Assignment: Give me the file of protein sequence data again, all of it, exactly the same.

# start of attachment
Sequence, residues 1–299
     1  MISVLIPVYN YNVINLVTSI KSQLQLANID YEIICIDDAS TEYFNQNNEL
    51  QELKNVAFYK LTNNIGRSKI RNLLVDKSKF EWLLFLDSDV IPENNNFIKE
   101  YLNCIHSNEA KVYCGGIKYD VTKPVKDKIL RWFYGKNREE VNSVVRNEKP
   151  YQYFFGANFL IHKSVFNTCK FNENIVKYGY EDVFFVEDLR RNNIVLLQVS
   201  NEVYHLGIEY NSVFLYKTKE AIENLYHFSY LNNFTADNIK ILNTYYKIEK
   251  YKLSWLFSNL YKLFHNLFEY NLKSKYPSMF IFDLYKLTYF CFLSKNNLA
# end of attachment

Sequence, residues 1–299
     1  MISVLIPVYN YNVINLVTSI KSQLQLANID YEIICIDDAS TEYFNQNNEL
    51  QELKNVAFYK LTNNIGRSKI RNLLVDKSKF EWLLFLDSDV IPENNNFIKE
   101  YLNCIHSNEA KVYCGGIKYD VTKPVKDKIL RWFYGKNREE VNSVVRNEKP
   151  YQYFFGANFL IHKSVFNTCK FNENIVKYGY EDVFFVEDLR RNNIVLLQVS
   201  NEVYHLGIEY NSVFLYKTKE AIENLYHFSY LNNFTADNIK ILNTYYKIEK
   251  YKLSWLFSNL YKLFHNLFEY NLKSKYPSMF IFDLYKLTYF CFLSKNNLA